Cosmos Wiki

The Lost Worlds of Planet Earth is the ninth episode of Cosmos A Spacetime Odyssey. It first aired 4 May 2014 on Fox.


Neil deGrasse Tyson explores the palaeogeography of Earth over millions of years, and its impact on the development of life on the planet. Tyson starts by explaining that the lignin-rich trees evolved in the Carboniferous period about three hundred million years ago were not edible by species at the time and would instead fall over and become carbon-rich coal. Some fifty million years later, near the end of the Permian period, volcanic activity would burn the carbonaceous matter, releasing carbon dioxide and acidic components, creating a sudden greenhouse gas effect that warmed the oceans and released methane from the ocean beds, all leading towards the Permian–Triassic extinction event, killing ninety percent of the species on Earth.

Tyson explains the nature of plate tectonics that would shape the landmasses of the world. Tyson explains how scientists like Abraham Ortelius hypothesized the idea that land masses may have been connected in the past, Alfred Wegener who hypothesized the idea of a super-continent Pangaea and continental drift despite the prevailing idea of flooded land-bridges at the time, and Bruce C. Heezen and Marie Tharp who discovered the Mid-Atlantic Ridge that supported the theory of plate tectonics. Tyson describes how the landmasses of the Earth lay atop the mantle, which moves due to the motion and heat of the Earth's outer and inner core.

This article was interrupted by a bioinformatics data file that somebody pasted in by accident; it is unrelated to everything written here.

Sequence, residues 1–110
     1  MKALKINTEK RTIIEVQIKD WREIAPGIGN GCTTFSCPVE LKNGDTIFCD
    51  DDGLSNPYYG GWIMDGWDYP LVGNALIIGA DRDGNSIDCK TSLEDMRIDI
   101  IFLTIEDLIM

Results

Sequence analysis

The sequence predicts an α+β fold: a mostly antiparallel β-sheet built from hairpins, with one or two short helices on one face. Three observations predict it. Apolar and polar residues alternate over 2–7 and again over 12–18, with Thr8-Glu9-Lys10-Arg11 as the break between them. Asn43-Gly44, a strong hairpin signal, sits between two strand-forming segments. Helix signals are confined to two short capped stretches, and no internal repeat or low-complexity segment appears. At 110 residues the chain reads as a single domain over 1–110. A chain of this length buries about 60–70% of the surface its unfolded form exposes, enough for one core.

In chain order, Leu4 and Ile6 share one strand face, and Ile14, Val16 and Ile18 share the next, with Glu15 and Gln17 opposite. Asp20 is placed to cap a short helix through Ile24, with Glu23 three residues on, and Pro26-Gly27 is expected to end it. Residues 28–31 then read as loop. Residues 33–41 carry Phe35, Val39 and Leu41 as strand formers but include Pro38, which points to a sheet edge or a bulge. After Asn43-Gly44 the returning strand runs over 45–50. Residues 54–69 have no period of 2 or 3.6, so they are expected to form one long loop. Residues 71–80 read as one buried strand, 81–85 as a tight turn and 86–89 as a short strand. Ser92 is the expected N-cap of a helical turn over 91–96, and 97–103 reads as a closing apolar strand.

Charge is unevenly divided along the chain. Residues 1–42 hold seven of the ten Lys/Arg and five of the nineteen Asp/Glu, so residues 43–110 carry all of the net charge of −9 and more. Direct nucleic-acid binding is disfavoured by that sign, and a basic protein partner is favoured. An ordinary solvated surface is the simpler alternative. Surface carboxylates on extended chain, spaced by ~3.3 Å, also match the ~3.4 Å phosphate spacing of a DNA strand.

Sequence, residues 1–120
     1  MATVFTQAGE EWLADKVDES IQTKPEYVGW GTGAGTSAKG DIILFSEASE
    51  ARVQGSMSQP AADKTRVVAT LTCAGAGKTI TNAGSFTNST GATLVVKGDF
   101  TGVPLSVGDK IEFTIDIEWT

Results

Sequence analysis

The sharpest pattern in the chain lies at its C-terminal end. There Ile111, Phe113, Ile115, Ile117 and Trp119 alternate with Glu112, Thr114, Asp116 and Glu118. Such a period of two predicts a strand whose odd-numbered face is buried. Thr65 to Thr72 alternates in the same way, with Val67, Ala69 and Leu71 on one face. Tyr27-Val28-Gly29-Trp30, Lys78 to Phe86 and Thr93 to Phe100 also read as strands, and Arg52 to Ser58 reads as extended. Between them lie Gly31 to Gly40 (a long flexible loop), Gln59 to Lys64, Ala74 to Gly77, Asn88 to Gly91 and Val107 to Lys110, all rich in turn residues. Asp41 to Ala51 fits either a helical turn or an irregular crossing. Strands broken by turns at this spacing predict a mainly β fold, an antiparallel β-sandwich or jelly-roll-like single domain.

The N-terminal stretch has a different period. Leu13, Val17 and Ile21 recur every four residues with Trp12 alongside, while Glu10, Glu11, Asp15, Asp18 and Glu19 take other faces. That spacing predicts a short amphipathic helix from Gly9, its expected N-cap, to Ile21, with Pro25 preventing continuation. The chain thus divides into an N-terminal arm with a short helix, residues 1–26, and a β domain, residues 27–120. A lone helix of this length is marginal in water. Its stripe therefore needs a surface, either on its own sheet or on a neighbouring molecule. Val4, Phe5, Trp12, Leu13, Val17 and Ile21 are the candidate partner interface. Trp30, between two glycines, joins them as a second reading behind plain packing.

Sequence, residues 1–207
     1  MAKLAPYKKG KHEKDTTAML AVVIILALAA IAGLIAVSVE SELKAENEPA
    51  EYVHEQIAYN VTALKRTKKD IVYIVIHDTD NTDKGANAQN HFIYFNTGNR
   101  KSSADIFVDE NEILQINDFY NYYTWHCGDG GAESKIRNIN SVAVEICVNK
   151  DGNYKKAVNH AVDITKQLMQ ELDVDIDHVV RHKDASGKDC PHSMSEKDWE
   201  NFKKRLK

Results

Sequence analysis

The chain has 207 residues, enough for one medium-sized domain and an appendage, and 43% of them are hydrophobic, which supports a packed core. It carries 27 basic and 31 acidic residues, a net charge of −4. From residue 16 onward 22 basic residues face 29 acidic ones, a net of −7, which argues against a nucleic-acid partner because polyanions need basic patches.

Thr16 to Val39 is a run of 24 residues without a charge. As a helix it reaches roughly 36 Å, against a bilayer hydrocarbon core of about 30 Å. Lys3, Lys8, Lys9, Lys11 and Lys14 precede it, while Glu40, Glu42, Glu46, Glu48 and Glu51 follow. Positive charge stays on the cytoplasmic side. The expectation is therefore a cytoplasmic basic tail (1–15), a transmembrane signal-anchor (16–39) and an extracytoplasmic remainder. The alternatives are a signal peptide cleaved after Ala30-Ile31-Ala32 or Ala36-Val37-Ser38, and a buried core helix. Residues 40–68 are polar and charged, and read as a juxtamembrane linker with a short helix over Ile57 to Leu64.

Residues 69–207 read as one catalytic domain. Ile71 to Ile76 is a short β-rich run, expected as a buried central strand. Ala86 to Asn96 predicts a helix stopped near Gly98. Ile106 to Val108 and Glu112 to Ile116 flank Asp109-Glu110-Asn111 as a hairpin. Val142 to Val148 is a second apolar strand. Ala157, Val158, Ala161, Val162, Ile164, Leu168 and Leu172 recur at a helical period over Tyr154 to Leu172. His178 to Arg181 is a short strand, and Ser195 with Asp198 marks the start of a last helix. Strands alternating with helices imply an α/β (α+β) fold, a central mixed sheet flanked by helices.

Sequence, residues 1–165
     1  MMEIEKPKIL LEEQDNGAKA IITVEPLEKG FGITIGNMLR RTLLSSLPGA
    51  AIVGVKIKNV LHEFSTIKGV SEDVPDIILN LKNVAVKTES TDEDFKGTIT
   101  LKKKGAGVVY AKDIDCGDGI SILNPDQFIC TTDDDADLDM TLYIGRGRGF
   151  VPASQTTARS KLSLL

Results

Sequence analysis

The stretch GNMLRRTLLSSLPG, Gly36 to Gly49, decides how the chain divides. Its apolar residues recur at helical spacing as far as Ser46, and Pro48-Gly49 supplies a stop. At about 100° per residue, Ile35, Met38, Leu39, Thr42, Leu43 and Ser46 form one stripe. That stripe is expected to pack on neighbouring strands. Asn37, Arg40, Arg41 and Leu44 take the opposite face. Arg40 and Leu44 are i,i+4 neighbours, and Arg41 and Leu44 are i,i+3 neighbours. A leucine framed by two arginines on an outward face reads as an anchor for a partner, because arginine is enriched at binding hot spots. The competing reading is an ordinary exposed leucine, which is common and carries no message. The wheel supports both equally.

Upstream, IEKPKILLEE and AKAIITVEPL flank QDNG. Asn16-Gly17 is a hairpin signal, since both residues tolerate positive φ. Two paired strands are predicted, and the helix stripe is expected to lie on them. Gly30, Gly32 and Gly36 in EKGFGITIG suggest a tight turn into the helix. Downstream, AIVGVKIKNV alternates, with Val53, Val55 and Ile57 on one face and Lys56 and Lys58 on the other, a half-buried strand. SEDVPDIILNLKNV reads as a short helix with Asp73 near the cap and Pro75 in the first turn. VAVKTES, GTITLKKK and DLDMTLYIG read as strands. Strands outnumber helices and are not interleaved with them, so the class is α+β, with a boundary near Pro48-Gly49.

Tyson explains the asteroid impact that initiated the Cretaceous–Paleogene extinction event, leaving small mammals as the dominant species on Earth. Tyson describes more recent geologic events such as the formation of the Mediterranean Sea due to the breaking of the natural dam at the Strait of Gibraltar, and how the geologic formation of the Isthmus of Panama broke the free flow of the Atlantic Ocean into the Pacific, causing large-scale climate change,l such as turning the bulk of Africa from lush grasslands into arid plains and further influencing evolution towards tree-climbing mammals. Tyson explains how the influence of other planets in the Solar System have small effects on the Earth's rotation and axial tilt, creating the various ice ages, and how these changes influenced early human's nomadic behavior. Tyson notes how Earth's landmasses are expected to change in the future and postulates what may be the next great extinction event.